AL Midseason Debuts: Prospects Looking to Make an Impact – #5 Sean Manaea

With the 2016 season underway, each team looks to compete immediately with the pickups they made in the offseason. But as we saw around the MLB in the 2015, the midseason callups can have as big of an impact as the players obtained in free agency. This series will detail the 5 prospects in the AL looking to make the biggest impact on their respective teams this season.

For the purposes of this series, we will set a few baseline criteria:

  1. The prospect cannot have any previous Major League experience prior to the 2016 season.
  2. The prospect must already be reasonably close to the MLB.
  3. The prospect must play a position of need for his big-league squad, and this need cannot be due to injury.

Be sure to check out the impact cases for the prospects previously covered:

#5 – Nick Williams, PHI, OF

#4 – Robert Stephenson, CIN, RHP

#3 – Orlando Arcia, MIL, SS

#2 – Aaron Blair, ATL, RHP

#1 – Tyler Glasnow, PIT, RHP

5. Sean Manaea, OAK, LHP

As the Oakland Athletics began their season, their fans eagerly anticipated the arrival of #64 overall prospect, Sean Manaea. After coming over in the Ben Zobrist trade in 2015, Manaea has done nothing but affirm that he deserves a shot in the A’s rotation with continued success in the minors. The back portion of the Oakland rotation getting off to a weak start in 2016 has only opened the door further for Manaea.

Manaea began the year in AAA Nashville, where he got off to a hot start. After solid success last year at AA Midland in the hitter friendly Texas League, this was unsurprising. Once the 6’5″ lefty arrived from the Royals last year, Manaea maintained a blistering 29.5 K% while keeping an average 8.7 BB% in 42.2 IP. His ERA was a very low 1.90, and even though his FIP of 2.95 suggests regression, this itself is still an imposing number. Furthermore, Manaea was able to hold opposing batters to a .217 batting average on a perfectly normal .301 BABIP.

While this all came in the small sample of 7 starts, the fact that he had continued into 2016 while stepping up a level suggests that Manaea could be the real deal. In 3 starts, Manaea went 18 IP, giving up just 3 earned runs for a 1.50 ERA and striking out more than a batter an inning. It’s possible that he has seen an improvement in his control too, keeping a 5.5 BB%, although this comes with the caveat of an even smaller sample size than last year.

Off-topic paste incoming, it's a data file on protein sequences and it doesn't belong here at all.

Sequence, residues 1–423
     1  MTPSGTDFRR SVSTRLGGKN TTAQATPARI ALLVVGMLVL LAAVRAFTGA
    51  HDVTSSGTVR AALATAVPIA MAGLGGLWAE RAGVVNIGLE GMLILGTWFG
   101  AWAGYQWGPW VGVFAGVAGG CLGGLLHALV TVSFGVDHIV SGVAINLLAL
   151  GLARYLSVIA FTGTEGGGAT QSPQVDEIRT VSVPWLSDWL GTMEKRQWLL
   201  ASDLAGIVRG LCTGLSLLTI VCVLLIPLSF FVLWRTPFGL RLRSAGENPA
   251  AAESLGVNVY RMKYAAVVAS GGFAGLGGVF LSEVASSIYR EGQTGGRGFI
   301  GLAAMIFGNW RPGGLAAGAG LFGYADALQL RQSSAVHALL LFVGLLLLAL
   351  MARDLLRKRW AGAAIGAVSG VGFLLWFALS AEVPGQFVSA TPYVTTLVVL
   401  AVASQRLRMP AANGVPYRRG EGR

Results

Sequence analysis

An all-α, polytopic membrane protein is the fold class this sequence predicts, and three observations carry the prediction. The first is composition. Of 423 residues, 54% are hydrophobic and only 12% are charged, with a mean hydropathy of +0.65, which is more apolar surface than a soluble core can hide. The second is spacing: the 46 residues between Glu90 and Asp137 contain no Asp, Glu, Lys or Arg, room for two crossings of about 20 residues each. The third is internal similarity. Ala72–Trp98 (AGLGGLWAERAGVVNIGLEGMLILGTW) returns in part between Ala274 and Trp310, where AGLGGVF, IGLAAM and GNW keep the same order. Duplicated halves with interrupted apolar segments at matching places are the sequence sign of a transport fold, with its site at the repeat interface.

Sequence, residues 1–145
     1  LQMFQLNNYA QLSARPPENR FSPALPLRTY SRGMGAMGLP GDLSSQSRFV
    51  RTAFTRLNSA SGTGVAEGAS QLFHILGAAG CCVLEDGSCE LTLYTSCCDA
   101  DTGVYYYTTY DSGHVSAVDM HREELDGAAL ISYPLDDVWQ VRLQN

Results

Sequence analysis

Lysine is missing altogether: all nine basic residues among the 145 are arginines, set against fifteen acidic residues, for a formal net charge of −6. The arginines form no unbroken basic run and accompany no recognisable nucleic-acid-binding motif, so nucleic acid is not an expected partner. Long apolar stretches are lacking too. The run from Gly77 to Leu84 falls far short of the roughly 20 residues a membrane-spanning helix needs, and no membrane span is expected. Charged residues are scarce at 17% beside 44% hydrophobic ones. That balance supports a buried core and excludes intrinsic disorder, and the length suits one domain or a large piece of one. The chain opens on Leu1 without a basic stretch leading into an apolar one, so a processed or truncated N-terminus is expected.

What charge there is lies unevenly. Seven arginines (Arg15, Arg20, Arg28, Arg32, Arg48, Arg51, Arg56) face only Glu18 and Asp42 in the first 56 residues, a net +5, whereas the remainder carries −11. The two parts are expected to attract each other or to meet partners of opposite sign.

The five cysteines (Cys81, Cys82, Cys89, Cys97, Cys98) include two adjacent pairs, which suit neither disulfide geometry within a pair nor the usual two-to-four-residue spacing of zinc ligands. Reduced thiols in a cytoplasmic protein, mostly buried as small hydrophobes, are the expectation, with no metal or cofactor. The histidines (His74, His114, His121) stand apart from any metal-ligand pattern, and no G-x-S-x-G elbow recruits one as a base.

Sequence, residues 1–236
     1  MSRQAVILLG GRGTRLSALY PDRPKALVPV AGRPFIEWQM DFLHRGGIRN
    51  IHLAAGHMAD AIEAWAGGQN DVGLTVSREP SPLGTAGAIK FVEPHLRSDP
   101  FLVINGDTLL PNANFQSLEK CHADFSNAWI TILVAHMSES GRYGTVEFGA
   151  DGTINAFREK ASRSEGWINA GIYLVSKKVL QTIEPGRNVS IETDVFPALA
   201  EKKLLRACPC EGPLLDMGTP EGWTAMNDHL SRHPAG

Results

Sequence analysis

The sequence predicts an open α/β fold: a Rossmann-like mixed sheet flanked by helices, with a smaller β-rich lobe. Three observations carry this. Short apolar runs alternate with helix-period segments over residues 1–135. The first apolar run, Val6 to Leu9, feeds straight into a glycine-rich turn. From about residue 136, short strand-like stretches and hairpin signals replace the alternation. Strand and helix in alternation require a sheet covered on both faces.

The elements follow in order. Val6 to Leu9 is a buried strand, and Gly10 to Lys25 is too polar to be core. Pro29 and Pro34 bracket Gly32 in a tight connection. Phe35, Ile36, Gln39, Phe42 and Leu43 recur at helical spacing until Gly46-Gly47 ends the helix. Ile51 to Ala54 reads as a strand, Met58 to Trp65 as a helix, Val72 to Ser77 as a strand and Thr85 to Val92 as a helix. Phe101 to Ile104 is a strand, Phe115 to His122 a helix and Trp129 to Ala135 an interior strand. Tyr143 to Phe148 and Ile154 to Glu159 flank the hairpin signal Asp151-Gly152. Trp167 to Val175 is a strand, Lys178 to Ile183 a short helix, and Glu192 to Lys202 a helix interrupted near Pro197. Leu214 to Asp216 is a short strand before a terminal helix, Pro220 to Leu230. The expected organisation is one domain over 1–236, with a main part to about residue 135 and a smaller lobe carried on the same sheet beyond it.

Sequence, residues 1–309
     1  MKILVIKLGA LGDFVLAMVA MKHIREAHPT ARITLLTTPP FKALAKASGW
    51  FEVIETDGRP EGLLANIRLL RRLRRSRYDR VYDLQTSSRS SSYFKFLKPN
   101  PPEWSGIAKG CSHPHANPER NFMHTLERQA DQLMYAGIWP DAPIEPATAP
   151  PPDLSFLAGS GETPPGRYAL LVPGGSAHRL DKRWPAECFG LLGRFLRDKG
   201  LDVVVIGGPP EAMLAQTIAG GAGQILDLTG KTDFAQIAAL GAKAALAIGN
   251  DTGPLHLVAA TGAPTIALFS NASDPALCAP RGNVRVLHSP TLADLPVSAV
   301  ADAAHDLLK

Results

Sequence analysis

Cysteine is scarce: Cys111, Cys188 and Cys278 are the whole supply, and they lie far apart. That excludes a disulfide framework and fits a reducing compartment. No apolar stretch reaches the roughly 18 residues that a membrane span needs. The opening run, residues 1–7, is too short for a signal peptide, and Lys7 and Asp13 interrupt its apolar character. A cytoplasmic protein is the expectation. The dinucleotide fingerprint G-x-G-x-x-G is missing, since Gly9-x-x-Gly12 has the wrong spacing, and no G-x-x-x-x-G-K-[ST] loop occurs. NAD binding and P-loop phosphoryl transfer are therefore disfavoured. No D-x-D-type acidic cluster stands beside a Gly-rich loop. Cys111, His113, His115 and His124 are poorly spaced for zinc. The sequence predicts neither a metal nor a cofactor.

The Athletics must have believed in his talent too, and on April 29, he made his major league debut. As of this posting, Manaea has made 2 starts, totaling 10 IP, with a 19.6 K%, 10.9 BB%, and a 4.62 xFIP. In the small sample, he has kept his groundball level above 50%, and his fastball has averaged in the lower-to-mid 90s. While he will need to work on maintaining the lower walk rate he saw in AAA, Manaea’s other peripheral stats indicate that he has been solid, though unspectacular, in his first few appearances. Developments in the A’s rotation should enable him to continue earning chances to prove his worth.

The A’s rotation began the 2016 season in a state of nebulous. Sonny Gray, the unquestioned #1 of the staff, came off a 2015 in which he came in 3rd for the AL Cy Young voting behind Dallas Keuchel of the Astros and David Price of the Tigers/Blue Jays. After this, Rich HillKendall Graveman, Chris Bassitt, and Eric Surkamp filled out the rest of the spots. Henderson Alvarez is also currently working back from shoulder surgery, and should supplant someone once he is healthy.

However, the rotation after Gray and Hill has been dubious. Gravemen, Bassitt, and Surkamp all have around 1 total season’s worth of approximately replacement level performance in their past. Alvarez was solid as recently as 2014 with the Marlins, but the shoulder injury derailed his 2015 after just 4 starts. Of the three inexperienced starters, two would likely have to make way for Alvarez and Manaea long-term.

The 36 year-old Hill has bounced back and forth between AAA and the majors consistently since 2005. Of his 205 major league appearances, 78 have been as a starter. Although he has 5 times as many IP in that capacity compared to relief, the last significant major league starting experience he had came in 2009 with the Orioles. Hill does not generate many groundballs (~40%), and while he displays flashes of strikeout ability, (34% K rate in 29 IP as a starter last year), his stuff is not overpowering. He relies almost exclusively on his lower 90s fastball and his mid 70s curveball to attack hitters, which rate averagely. Hill did, however, produce 1.1 fWAR in just 29 IP for the Red Sox last year, while maintaining a 1.55 ERA and 2.50 xFIP.